Still, she remains hopeful that the Domestic Workers Act may lead to more discussion of worker rights among employers.
However, activists say that many workers don’t wish to become part of the formal workforce – the objective of the 2019 law – because they aren’t sure they want to be under contract to one household. In addition, few fully grasp what benefits they would get as a result of contractual employment.
“There is also reluctance from the side of domestic housekeepers for they fear that instead of being able to work at multiple houses and make extra money, they might be restricted to one house with certain hours. They don’t understand how this bill will apply to them, so they fear the unknown,” says Ms. Alam, of FACES Pakistan.
Ms. Farooq says that having formal contracts is not practical until the government strictly enforces the minimum wage. For now, she wants to work on raising awareness of exploitation among domestic workers, many of whom don’t realize the extent of abuse in the profession.
“These rich households spend 20,000 rupees on one dress they wear, but when the same amount is mentioned as minimum wage for us, the bibis grab their heads crying that it’s not realistic. They can afford to pay us more, they just don’t want to,” she says.
This story was supported by the Pulitzer Center.
As this veteran learned – and is proving – the journey home from war isn’t a straight line. But you can reach the destination: healing.
There is no neat arc from war to peace – for our nation or for me. I began to learn this for myself after returning from a two-year tour of duty in Afghanistan in 2008.
More recently, watching America’s emergency evacuation from Afghanistan, I recalled a valuable lesson that Vietnam veterans had taught me. A war’s outcome can be horrific, they said. But you can heal.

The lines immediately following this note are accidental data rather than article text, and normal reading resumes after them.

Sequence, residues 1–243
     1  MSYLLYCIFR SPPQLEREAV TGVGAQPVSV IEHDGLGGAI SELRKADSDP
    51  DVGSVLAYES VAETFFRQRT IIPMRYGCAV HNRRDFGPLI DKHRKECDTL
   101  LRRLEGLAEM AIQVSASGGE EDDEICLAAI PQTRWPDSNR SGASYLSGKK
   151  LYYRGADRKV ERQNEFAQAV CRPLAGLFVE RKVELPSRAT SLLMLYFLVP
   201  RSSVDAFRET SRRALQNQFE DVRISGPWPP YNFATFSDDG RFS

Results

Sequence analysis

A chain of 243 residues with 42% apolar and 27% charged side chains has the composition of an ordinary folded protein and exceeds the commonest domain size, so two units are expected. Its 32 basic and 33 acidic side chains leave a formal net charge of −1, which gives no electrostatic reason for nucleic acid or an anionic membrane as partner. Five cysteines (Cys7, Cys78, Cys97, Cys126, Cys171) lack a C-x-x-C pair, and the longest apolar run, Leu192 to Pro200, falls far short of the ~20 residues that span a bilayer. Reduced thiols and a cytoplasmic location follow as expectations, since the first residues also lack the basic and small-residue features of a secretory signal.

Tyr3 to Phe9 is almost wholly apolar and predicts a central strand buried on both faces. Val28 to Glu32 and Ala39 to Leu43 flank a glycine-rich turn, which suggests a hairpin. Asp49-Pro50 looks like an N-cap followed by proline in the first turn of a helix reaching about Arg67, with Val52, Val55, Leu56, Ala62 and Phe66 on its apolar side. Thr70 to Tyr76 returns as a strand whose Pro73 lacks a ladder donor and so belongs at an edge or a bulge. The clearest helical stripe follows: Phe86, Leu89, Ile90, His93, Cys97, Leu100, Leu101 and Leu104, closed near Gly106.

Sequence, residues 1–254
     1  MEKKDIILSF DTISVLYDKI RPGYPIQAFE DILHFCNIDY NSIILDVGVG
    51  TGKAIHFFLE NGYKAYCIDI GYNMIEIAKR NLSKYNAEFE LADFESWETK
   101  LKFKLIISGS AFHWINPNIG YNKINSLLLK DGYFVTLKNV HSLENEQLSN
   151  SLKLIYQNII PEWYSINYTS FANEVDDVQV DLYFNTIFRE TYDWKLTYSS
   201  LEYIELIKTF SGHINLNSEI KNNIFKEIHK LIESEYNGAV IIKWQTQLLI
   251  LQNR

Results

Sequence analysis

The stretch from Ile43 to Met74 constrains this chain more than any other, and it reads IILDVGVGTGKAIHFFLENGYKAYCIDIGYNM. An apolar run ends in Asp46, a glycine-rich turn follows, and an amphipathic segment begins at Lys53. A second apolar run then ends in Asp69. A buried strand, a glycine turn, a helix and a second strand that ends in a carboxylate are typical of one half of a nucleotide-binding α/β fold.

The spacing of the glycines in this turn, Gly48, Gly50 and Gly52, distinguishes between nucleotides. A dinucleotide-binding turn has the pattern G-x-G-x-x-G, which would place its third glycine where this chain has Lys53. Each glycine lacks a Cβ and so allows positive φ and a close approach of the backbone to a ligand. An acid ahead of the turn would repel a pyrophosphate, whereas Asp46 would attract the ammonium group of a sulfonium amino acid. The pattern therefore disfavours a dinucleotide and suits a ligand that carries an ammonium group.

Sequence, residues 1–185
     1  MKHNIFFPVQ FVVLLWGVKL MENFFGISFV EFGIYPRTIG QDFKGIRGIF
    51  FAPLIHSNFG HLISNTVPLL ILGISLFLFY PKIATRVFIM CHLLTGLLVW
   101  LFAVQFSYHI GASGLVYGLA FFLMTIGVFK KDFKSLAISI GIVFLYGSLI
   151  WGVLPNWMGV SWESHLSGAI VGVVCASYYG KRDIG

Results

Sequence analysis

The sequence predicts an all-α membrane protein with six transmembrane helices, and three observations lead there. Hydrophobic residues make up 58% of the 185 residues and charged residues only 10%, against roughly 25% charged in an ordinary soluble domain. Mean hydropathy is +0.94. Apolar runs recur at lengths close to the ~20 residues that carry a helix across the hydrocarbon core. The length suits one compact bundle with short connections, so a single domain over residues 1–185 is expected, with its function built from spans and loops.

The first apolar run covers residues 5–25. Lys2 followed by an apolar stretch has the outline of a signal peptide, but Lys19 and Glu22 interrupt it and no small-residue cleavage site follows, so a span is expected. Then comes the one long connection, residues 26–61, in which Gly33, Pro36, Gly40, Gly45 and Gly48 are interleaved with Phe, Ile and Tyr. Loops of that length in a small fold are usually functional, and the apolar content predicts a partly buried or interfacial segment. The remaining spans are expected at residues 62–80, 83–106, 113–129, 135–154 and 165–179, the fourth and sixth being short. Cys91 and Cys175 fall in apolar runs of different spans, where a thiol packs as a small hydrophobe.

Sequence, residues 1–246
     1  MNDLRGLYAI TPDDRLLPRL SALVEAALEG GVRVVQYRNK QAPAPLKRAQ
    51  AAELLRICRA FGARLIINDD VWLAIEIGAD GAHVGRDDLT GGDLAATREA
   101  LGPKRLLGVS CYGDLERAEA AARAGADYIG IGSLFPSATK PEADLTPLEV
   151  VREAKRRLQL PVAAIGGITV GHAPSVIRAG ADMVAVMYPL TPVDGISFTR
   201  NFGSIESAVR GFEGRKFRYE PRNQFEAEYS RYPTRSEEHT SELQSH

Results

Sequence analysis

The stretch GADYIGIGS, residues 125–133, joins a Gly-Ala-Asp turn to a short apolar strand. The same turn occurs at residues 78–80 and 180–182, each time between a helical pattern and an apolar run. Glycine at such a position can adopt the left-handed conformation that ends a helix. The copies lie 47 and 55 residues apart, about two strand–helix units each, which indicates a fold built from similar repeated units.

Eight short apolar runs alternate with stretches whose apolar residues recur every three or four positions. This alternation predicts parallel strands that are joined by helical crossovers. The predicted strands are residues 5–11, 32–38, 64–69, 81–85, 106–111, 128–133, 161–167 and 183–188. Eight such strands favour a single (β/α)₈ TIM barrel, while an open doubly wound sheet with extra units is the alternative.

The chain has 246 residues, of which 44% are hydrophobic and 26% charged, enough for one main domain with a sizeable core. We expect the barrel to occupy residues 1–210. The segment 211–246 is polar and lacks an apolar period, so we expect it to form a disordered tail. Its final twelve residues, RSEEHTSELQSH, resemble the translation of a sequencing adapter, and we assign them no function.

The “war on terror” cast a spotlight on what’s termed post-traumatic stress disorder. Less well known is post-traumatic growth, in which someone who grapples with a horrifying event progresses past it, finds peace, and makes meaning of their experience.
I owe much of my post-traumatic growth to periods of isolation as well as connection. Josh Mantz, my good friend and fellow vet, reminds me that nondisclosure can be healthy, even necessary, and that some things can only be shared in prayer, meditation, and contemplation.
Vietnam veterans reunited with the Vietnamese long after that war ended, modeling a way to heal. Afghanistan and Iraq war veterans began reparations with those countries by evacuating and receiving their refugees in the United States.
I look forward to extending humanity to Afghans 20 years after 9/11.
I invite you to join me.
I’ll return to the Air Force Academy next month for a reunion. I’ll laugh with friends, retrace steps on campus, get quiet at the cemetery. I’ll experience it from a distance of 25 years since I began there.
For four years, the academy did its best to prepare us for some future conflict. What it did not and could not do was prepare us for an endless return journey home from 9/11’s “forever wars.” My path home will now include a second deployment overseas to assist the Afghan people. I’ll be volunteering at a U.S. government agency to process Afghan refugees.
There is no neat arc from war to peace – for our nation or for me. There’s no surefire guide to reintegration. Dr. Elizabeth Samet, an English professor at West Point, prepares cadets through works of literature. They illustrate, as she states in her book “No Man’s Land,” “the final irony of the warrior’s repeated betrayal by the homecoming that is supposed to bring him peace but instead launches him into a second no man’s land.”
Vietnam veterans know this well. I began to learn it myself after returning from Afghanistan, where I’d been a counter-IED (roadside bomb) officer from 2007 to 2008. I lost, saved, and took lives in ways that only ground combat can precipitate. I required intensive treatment when I got back, logging countless hours of group therapy and peer support with other veterans.
Watching America’s emergency evacuation from Afghanistan, I recalled a valuable lesson that Vietnam veterans had taught me. A war’s outcome can be horrific, they said. It can cause ongoing harm, and the climate of the nation may cause you to feel separated from society. But you can heal. Returning to your humanity can heal the dehumanizing effects of combat.
In “Taking Chance,” a Marine officer accompanies the body of a young soldier killed in Iraq. In one scene, airplane passengers are glued to their windows as the escort officer salutes the casket coming down off the plane. I, too, had escorted the casket of my best friend, Alan “Cap” Hook, from Dover Air Force Base to his family in California in 1998. When I saluted Alan’s casket, I hadn’t felt so removed from civilian society since my commissioning two years prior. Earlier on that trip, Alan’s brother and I had to ask an airline manager to remove the luggage placed atop Alan’s coffin as it was pulled out to the plane.